Even worse, the Force was later to further be relegated to the supervision of a ministry in the federal system with a substantive Minister of Police Affairs, who gradually assumed responsibility for budgetary spending and procurement, not to mention, as we saw recently, dabbling in “supervision” of operations. The continued retention and reliance on a federally-controlled Nigeria Police Force has not been significantly curtailed despite the unabated political interference and manipulation by the central government. One regretful result of such undue influence is the exploitation of lapses in the recruitment and appointment process that has effectively today negated the federal character in the Force. Other snags giving police a bad name such as corruption, brutality and indiscipline are essentially traceable to the human factor which can be remedied by institutional measures.

As for the deep-rooted apprehension against abuse, it is relief that today’s judiciary has developed the required sensitivity to the protection of civil rights of citizens and the citizenry is ever more aware and capable of pursuing such rights. In the final analysis, the lee-way for impunity and rampant abuses in police operations has been considerably curbed. Even better is the much-talked about establishment of a constitutional court with enhanced enforcement of civil rights and monitoring of law enforcement agents at all levels.

However, the prevailing challenging circumstances in maintenance of law and order and the rampant outbreaks of new forms of criminality such as terrorism and insurgency requiring urgent innovative responses demand new strategies and changes in operational structure of the Force. Today, more than ever before, the potency of intelligence gathering and dynamic pro-active engagement in combating crime is assuming greater consequence over the previous emphasis on numerical strength and fire power. This changing scenario necessitates a corresponding structural transformation and devolution of command and operational capacity to the state level, being closer to the towns and cities that are the theatres of criminality. The need for such strategic restructuring has also been identified in dealing with public apathy to providing vital information to police thereby giving tacit cover to criminals and their nefarious activities. Concerns over the time-honoured nexus between police work and local knowledge informed calls on government to adopt a policy of posting policemen to their areas of origin in the light of weaknesses in law enforcement functions at community levels. This did not meet with success owing to overwhelming social pressures and inherent limitations in deployment capacity. But there is no denying that the trust which has to be engendered between police and citizens can be better secured under a police system that gives due priority to posting personnel to their areas of origin which also acts to check excesses, especially corrupt tendencies of policemen by removing the anonymity enjoyed in postings to non-indigenous areas.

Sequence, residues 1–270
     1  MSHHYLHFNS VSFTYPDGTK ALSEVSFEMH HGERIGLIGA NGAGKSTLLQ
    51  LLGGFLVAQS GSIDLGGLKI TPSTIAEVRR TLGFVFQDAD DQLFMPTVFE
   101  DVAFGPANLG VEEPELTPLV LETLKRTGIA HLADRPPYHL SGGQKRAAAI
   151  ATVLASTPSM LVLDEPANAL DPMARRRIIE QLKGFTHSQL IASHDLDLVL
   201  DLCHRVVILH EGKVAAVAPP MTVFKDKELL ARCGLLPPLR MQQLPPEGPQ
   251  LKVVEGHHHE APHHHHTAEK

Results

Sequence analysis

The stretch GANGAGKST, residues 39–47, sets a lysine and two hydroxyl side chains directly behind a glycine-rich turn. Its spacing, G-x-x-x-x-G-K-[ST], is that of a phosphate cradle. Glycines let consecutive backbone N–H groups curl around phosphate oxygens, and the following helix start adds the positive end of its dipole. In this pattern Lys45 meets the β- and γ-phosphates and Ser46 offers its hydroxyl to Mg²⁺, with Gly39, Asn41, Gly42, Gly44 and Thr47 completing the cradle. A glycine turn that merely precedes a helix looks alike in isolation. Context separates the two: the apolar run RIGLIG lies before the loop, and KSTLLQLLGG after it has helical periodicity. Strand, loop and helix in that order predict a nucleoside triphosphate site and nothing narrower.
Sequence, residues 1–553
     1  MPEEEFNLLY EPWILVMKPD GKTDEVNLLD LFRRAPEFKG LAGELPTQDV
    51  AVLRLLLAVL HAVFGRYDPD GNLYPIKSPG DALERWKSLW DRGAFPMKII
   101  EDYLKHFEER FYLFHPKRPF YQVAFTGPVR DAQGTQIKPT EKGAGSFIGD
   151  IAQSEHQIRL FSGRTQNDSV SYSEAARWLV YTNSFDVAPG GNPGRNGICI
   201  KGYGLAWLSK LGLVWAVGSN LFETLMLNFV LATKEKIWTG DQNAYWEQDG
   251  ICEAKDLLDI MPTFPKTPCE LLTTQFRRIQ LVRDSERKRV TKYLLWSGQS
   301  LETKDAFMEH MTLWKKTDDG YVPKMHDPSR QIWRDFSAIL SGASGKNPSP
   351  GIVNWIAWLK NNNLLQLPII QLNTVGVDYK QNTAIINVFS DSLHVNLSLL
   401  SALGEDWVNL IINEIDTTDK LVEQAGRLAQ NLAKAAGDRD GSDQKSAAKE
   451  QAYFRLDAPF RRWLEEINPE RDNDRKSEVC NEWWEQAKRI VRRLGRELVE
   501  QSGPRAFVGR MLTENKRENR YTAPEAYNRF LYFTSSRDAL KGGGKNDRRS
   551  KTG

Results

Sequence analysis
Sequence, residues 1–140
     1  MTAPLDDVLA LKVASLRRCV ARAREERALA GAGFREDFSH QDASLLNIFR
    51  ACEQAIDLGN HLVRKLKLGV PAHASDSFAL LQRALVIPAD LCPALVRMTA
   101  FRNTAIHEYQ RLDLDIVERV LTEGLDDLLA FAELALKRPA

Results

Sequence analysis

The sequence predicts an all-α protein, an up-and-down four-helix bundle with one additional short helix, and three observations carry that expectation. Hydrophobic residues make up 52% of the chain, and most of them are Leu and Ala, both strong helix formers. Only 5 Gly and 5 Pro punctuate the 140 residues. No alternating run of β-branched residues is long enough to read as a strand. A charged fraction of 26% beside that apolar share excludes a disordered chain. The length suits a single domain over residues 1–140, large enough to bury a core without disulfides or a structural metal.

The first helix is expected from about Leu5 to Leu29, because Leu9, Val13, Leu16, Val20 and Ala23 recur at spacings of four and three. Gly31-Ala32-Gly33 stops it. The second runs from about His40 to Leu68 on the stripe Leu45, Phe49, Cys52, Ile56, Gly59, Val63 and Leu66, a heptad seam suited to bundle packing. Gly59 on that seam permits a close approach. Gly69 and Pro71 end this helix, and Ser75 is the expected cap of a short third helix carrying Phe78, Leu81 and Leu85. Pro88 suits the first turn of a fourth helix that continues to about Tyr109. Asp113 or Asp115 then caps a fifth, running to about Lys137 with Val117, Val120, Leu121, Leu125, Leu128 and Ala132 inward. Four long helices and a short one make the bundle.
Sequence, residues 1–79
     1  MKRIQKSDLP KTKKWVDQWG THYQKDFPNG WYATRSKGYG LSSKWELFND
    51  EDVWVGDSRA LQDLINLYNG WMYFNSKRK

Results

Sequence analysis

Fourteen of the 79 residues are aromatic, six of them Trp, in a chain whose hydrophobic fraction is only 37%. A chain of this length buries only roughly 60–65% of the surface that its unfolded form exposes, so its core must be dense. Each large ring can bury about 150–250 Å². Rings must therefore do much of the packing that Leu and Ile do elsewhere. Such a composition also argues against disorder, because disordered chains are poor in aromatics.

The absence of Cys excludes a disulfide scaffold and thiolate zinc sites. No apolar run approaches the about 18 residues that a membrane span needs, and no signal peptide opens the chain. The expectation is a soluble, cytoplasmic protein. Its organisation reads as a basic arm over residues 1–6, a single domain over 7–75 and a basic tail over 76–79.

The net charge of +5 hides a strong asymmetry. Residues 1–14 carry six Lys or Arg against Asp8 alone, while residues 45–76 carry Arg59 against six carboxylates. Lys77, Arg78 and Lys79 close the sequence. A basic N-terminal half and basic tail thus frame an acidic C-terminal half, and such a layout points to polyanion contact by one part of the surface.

The unavoidable partisan competition involving a diversity of political beliefs typical of democratic dispensations often translates into power struggle and mutual distrust between rival political leaders. This underlying animosity has in fact tainted the process of building a rightful consensus on the desirability of state police in Nigeria to the extent that the applicability of federalism itself is dismembered discriminately between governing party and the opposition. Thus, the political leadership at the centre will not even contemplate transferring executive powers over security to state governors lest the opposition secure a means of check-mating their own manipulations of the police command, particularly for political purposes. Political self-preservation overriding considerations for effective state security can only worsen the security situation in the country as is now unfolding.